Stuff White People Say

July 28, 2008

“I am a victim, too”

Filed under: Uncategorized — jwbe @ 11:55 pm

When the talk is about race and racism, many whites have problems to focus on the topic: Racism, white supremacy as a system. Instead, they want to tell that they themselves were victims of some form of discrimination.
The favorite is “reverse racism”. And not even realizing the different power-dynamics and that racism always includes the power of a system behind.
When whites attack PoC, it’s reduced to “individual incidents” and in addition, non-white victims often have to fight for their rights, to get heard. Main-stream media often tries to blame the victim himself, “something must have provoked the attack” etc.

The situation changes when the victim is white and the perpetrators are PoC. Then there is a national outcry, it becomes a “they are attacking us”, like it was for example the case in Germany, when there have been 3 or 4 incidents were “foreigners” attacked Germans. One attack was video-typed by security cameras installed in the metro area. One picture was picked out and published. Showing the attacker hitting the head of his victim, who was already lying on the ground. The sub-title of this picture was: “You can be the next”.

This “you can be the next” makes the fear of whites visible. The fear of revenge, when we as a collective are no longer in power. It is beyond our Eurocentric imagination, that another world could be possible. Our own history of conquering as well as European wars, our history with aggression as the only possible answer as we may believe – how would the world look like today without this European history? Is our history particularly European or would this be the history of mankind? The Mongol Empire, the Ottoman Empire – ambitions to expand and to conquer, is this human behavior?
But other societies, peaceful societies, demonstrate the other possible side of human behavior, living peacefully together and in balance with nature.

Attacks against whites remind us, that we are vulnerable like anybody else. And it is our fear that others will do to us what we did to them.
Will we ever be able to leave our fear behind?
Will we ever be able to feel that we are all one?


  1. “it is our fear that others will do to us what we did to them.”

    It’s amazing how explicit people are with these kinds of anxious fears when it comes to the possibility of Sen. Barack Obama becoming president and even more amazing, after he has gone out of his way to ally those fears, people have continued to rehearse those ideas with even the smallest hint of Obama not utterly disowning every Black inch of his body, family and community.

    Even the Rev. Wright drama wasn’t enough for these folks who picked up the tools of the racism trade from their forebearers with sparkling (and transparent) precision.

    Comment by nquest2xl — July 29, 2008 @ 12:11 am | Reply

  2. Carl Sagan. ❤

    But other societies, peaceful societies, demonstrate the other possible side of human behavior, living peacefully together and in balance with nature.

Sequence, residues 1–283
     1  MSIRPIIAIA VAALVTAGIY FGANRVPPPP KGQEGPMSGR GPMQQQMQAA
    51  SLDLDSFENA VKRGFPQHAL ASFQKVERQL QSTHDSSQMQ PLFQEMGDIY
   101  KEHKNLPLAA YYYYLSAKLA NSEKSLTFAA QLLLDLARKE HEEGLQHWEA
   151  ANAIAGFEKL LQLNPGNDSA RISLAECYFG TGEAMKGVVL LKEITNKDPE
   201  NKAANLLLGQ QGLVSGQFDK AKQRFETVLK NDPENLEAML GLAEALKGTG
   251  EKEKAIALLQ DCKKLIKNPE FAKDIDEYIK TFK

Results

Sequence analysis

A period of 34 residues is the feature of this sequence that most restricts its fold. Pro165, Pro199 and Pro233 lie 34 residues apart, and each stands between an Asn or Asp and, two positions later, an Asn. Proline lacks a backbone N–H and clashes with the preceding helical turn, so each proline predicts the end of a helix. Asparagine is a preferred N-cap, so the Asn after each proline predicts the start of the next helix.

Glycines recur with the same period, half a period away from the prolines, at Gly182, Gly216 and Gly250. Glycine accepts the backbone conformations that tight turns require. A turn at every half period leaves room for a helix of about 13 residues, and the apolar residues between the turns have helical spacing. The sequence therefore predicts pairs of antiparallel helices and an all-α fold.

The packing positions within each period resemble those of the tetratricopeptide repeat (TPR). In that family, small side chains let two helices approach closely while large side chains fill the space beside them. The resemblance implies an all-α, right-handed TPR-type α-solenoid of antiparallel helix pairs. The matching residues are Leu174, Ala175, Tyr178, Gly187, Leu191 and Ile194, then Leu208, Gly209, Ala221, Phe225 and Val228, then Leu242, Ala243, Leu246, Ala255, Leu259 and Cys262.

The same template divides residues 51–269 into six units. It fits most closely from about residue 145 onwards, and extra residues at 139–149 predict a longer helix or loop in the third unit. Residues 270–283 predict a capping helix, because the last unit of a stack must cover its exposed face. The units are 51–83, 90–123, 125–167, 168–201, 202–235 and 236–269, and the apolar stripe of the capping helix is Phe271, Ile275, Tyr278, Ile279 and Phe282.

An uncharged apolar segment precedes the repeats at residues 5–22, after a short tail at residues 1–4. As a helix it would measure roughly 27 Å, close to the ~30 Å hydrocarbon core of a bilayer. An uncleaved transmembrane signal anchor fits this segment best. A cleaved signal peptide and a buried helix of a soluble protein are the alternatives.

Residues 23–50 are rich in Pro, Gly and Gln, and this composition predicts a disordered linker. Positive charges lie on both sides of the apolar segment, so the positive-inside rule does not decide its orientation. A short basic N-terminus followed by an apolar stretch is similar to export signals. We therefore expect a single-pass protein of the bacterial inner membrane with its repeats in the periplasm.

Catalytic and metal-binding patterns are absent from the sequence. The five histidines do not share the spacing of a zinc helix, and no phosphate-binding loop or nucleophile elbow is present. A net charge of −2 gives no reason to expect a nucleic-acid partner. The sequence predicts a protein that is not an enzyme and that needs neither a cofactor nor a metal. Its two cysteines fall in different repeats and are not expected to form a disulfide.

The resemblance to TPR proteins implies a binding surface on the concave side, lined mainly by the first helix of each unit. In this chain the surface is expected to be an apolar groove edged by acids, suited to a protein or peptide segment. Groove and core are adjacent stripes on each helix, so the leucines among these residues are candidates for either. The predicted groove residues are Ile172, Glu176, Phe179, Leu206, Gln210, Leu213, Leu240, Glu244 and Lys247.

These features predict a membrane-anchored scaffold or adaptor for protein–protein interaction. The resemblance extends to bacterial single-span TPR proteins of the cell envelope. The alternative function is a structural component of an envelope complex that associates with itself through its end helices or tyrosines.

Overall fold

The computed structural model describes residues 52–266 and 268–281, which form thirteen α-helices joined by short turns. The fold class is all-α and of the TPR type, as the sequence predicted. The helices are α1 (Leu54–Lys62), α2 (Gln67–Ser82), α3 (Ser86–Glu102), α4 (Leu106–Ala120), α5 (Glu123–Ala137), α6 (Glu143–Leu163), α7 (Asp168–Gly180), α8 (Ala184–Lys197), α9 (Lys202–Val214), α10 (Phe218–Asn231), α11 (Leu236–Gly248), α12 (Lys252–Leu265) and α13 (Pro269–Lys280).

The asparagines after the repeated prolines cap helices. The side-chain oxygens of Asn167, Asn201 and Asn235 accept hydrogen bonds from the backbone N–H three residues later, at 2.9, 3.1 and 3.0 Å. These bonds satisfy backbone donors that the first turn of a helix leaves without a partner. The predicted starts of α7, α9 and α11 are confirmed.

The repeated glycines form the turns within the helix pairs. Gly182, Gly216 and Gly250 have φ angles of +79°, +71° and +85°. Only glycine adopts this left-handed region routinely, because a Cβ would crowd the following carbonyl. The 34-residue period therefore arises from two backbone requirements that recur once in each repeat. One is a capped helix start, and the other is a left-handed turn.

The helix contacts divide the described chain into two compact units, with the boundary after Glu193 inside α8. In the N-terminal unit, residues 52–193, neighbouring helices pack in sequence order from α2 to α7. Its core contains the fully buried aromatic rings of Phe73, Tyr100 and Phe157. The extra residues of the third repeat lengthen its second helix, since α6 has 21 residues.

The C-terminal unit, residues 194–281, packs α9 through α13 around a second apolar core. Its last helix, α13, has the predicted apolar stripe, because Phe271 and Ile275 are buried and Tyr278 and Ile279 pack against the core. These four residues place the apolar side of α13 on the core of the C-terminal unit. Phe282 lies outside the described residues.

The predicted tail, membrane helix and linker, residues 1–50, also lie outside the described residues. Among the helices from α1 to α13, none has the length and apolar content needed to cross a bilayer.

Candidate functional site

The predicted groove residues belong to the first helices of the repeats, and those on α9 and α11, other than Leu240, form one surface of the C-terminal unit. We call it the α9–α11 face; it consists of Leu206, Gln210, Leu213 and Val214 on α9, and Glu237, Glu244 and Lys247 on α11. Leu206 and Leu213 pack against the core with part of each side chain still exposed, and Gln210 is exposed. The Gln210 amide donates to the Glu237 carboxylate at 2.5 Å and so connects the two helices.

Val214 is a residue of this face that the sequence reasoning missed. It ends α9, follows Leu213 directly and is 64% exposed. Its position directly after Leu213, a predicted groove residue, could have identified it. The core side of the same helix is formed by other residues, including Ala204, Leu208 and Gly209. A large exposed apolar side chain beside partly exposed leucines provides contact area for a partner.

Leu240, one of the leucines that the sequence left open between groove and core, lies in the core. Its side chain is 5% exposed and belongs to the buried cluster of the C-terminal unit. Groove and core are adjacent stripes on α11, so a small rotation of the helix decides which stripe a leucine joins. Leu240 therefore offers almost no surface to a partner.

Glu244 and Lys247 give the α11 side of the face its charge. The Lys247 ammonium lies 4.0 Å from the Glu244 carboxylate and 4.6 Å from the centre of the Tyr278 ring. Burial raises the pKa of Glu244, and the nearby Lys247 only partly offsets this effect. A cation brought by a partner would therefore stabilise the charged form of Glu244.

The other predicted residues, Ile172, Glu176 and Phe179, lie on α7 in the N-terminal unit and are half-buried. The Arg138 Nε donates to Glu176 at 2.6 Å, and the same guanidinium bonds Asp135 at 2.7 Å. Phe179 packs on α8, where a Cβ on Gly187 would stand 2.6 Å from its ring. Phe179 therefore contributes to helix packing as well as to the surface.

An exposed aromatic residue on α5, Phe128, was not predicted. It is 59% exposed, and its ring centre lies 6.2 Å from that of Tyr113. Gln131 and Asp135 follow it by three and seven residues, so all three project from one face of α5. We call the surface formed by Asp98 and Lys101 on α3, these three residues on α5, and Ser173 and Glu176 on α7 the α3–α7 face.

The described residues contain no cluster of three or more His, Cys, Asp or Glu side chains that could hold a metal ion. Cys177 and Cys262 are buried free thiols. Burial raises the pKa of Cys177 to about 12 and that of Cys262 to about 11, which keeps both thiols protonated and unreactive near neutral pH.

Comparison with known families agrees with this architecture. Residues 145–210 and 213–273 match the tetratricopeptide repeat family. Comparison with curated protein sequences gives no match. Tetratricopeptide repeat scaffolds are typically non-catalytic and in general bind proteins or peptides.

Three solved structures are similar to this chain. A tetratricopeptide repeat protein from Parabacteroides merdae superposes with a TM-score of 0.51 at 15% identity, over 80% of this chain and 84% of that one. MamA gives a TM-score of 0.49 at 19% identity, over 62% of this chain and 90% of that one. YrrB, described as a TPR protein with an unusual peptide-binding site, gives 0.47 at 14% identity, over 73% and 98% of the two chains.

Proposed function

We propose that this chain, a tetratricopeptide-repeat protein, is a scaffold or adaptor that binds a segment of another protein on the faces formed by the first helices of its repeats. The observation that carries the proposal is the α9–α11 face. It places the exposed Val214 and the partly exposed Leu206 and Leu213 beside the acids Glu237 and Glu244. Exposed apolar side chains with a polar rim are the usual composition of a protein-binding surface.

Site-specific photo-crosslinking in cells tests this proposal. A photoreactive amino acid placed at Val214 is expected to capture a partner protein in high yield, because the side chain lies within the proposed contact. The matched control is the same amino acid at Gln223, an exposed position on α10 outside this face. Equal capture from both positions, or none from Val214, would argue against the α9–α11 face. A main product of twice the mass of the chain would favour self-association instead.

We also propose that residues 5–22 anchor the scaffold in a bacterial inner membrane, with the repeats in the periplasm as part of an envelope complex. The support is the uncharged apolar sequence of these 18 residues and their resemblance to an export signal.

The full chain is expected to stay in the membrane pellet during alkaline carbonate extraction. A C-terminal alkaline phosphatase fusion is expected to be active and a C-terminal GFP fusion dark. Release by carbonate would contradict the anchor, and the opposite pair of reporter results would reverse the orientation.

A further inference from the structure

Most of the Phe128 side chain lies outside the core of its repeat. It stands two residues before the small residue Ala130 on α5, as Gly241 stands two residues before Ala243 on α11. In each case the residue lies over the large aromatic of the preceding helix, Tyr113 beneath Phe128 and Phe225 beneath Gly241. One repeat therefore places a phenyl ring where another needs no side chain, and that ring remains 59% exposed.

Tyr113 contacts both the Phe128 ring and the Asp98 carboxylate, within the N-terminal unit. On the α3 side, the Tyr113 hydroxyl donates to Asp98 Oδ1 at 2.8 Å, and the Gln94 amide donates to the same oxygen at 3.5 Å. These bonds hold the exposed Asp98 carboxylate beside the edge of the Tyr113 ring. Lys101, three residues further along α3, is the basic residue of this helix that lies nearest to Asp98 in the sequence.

This looks like othering to me. Who are were talking about here?

    Comment by Restructure! — July 29, 2008 @ 12:35 am | Reply


    Comment by jwbe — July 29, 2008 @ 12:41 am | Reply

  4. When you wrote “living peacefully together and in balance with nature,” it conjures up the noble savage stereotype, which is racist.

    I don’t know what to make of the Peaceful Societies website. I definitely think that people are socialized to be aggressive, but that they are also socialized to be peaceful. I don’t know about every example in the website, but I have learned about the !Kung or Ju/’hoansi, and I didn’t get the impression that they were exceptionally peaceful. Even the webpage about the Ju/’hoansi says this:

    But How Much Violence Do They Really Experience? Lee (1979) argues that the Ju/’hoansi have a relatively violent society. During his three years of living among them he recorded 58 arguments, of which 34 led to physical fights. He acknowledges that he differs from other perceptions of them as peaceful, such as those of Thomas, who argues that when she and her family were observing them during the 1950s, they heard about very few episodes of violence. They felt that Ju/’hoansi cultural stability was based on their successful adaptation to their environment plus their normal spirit of cooperation. Peacefulness appeared to be strongly fostered by their social system, their methods of suppressing aggression, and the ways they developed their self-control.

    Comment by Restructure! — July 29, 2008 @ 1:02 am | Reply

  5. This is a thought-provoking and inspiring post for me. Thank you.

    jwbe, could you say where the picture of beaten white Germans was published with that awfully xenophobic caption? Was it an advertisement? Maybe for some politician?

    Comment by macon d — July 29, 2008 @ 3:03 am | Reply

  6. @Restructure

    Eurocentrism is the opposite of peace and of living in balance with nature, Eurocentric nations don’t live with the understanding of the interdependence of all living beings. “Subdue earth” is part of the bible. I also believe that Eurocentric nations are based on aggression towards each other because competition is more important than solidarity. Being the best, the first etc.
    On this website they mention for example also the Amish People, who are of German descent, I don’t have the impression that this website is idealizing peaceful societies
    Living in balance with nature is a necessity for the survival of the human race, because there is only one earth. Industrialized countries can’t continue the way without any respect also toward nature.

    Comment by jwbe — July 29, 2008 @ 3:18 am | Reply

  7. Was it an advertisement? Maybe for some politician?

    Comment by jwbe — July 29, 2008 @ 3:45 am | Reply

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